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Light-scattering nanoparticles open door to colour displays

09 Dec 2015  | Jade Boyd

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Rice's novel drawbridge method for colour switching incorporates metal nanoparticles that absorb light energy and convert it into plasmons, waves of electrons that flow like a fluid across a particle's surface. Each plasmon scatters and absorbs a characteristic frequency of light, and even minor changes in the wave-like sloshing of a plasmon shift that frequency. The greater the change in plasmonic frequency, the greater the difference between the colours observed.

"Engineers hoping to make a display from optically active nanoparticles need to be able to switch the colour," Landes said. "That type of switching has proven very difficult to achieve with nanoparticles. People have achieved moderate success using various plasmon-coupling schemes in particle assemblies. What we've shown though is variation of the coupling mechanism itself, which can be used to produce huge colour changes both rapidly and reversibly."

Gold nanoparticles

This electron microscope image shows a dimer of silver plated gold nanoparticles. A layer of silver connects the particles. Credit: C. Byers/Rice University

To demonstrate the method, Landes and study lead author Chad Byers, a graduate student in her lab, anchored pairs of gold nanoparticles to a glass surface covered with indium tin oxide (ITO), the same conductor that's used in many smartphone screens. By sealing the particles in a chamber filled with a saltwater electrolyte and a silver electrode, Byers and Landes were able form a device with a complete circuit. They then showed they could apply a small voltage to the ITO to electroplate silver onto the surface of the gold particles. In that process, the particles were first coated with a thin layer of silver chloride. By later applying a negative voltage, the researchers caused a conductive silver 'drawbridge' to form. Reversing the voltage caused the bridge to withdraw.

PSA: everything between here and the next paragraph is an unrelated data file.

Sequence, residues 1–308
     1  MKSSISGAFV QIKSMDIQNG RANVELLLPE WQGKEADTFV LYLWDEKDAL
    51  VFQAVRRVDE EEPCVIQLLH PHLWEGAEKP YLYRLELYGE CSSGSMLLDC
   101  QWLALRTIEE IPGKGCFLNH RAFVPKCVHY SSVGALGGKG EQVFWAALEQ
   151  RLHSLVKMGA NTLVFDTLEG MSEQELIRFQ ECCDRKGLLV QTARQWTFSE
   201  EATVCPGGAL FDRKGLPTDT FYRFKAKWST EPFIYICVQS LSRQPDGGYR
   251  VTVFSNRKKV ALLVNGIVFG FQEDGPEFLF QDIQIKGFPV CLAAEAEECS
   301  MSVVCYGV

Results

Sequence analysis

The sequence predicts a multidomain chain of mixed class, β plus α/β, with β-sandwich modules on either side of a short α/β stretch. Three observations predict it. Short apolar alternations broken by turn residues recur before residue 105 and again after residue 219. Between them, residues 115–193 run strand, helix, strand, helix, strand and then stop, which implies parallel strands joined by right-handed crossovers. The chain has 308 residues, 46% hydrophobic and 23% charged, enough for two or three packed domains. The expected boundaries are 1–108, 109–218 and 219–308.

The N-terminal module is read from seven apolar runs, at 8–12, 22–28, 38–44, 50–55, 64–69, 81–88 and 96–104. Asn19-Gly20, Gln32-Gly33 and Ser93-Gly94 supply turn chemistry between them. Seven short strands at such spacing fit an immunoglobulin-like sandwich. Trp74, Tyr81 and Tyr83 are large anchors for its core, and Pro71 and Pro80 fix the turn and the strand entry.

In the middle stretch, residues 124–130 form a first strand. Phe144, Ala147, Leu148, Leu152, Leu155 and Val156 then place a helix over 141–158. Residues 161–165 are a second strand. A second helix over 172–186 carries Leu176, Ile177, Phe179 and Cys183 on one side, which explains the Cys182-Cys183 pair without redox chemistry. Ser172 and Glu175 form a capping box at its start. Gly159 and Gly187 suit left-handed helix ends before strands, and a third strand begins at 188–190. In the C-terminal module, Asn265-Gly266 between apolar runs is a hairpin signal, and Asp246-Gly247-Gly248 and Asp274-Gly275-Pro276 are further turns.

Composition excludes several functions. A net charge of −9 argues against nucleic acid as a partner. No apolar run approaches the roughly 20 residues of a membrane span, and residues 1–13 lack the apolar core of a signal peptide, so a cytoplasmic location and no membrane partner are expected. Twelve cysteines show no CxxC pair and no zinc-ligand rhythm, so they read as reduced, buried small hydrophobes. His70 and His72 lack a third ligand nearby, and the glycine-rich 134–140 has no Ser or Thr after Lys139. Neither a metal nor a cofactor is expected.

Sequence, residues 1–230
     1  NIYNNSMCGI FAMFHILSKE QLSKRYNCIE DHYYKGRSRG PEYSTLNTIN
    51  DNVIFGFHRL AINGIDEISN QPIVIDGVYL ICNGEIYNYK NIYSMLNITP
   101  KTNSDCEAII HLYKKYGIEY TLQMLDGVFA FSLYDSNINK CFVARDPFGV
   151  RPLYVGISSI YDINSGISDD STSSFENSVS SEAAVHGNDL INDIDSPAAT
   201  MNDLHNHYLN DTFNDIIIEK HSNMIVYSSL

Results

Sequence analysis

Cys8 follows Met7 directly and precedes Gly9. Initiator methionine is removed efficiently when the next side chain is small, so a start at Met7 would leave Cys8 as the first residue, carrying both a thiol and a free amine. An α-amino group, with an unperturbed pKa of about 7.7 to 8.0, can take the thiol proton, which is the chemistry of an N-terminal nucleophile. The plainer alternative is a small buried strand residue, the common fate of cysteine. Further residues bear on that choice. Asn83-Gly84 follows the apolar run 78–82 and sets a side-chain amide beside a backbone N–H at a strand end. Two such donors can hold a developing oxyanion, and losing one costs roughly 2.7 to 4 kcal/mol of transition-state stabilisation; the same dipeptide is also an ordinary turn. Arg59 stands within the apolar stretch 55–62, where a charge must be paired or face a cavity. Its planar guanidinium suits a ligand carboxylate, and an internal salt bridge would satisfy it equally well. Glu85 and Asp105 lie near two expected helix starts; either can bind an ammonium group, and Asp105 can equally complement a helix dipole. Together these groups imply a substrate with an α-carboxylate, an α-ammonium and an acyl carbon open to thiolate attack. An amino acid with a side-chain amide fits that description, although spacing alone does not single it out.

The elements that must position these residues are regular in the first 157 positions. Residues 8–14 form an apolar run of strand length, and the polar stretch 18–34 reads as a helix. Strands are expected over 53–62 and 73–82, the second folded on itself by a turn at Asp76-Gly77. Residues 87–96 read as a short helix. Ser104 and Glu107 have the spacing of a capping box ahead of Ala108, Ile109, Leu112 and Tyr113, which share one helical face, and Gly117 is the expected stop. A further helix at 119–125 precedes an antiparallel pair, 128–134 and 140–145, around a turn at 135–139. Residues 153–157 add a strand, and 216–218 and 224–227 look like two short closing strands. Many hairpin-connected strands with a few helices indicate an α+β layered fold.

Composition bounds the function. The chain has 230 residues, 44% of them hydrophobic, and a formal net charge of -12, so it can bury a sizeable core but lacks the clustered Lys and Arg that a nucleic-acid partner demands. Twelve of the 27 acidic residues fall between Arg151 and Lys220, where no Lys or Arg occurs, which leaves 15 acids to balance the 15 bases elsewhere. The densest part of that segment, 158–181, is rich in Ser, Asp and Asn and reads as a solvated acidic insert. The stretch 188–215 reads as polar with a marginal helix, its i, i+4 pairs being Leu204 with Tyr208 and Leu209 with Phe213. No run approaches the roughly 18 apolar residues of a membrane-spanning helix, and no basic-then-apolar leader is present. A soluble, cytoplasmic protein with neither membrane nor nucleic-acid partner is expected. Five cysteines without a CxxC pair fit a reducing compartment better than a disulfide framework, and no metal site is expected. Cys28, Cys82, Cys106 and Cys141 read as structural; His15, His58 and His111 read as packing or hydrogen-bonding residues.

"The great thing about these chemical bridges is that we can create and eliminate them simply by applying or reversing a voltage," Landes said. "This is the first method yet demonstrated to produce dramatic, reversible colour changes for devices built from light-activated nanoparticles."

Byers said his research into the plasmonic behaviour of gold dimers began about two years ago.

"We were pursuing the idea that we could make significant changes in optical properties of individual particles simply by altering charge density," he said. "Theory predicts that colours can be changed just by adding or removing electrons, and we wanted to see if we could do that reversibly, simply by turning a voltage on or off."

Plasmonic shifts

This image illustrates the green and orange hues of light that are scattered thanks to plasmonic shifts that occur when metal bridges are present (bottom) and when they are not (top). Credit: C. Byers/Rice University

The experiments worked. The colour shift was observed and reversible, but the change in the colour was minute.

"It wasn't going to get anybody excited about any sort of switchable display applications," Landes said.

But she and Byers also noticed that their results differed from the theoretical predictions.

Landes said that was because the predictions were based upon using an inert electrode made of a metal such as palladium that isn't subject to oxidation. But silver is not inert. It reacts easily with oxygen in air or water to form a coat of unsightly silver oxide. This oxidizing layer can also form from silver chloride, and Landes said that is what was occurring when the silver counter electrode was used in Byers' first experiments.

"It was an imperfection that was throwing off our results, but rather than run away from it, we decided to use it to our advantage," Landes said.

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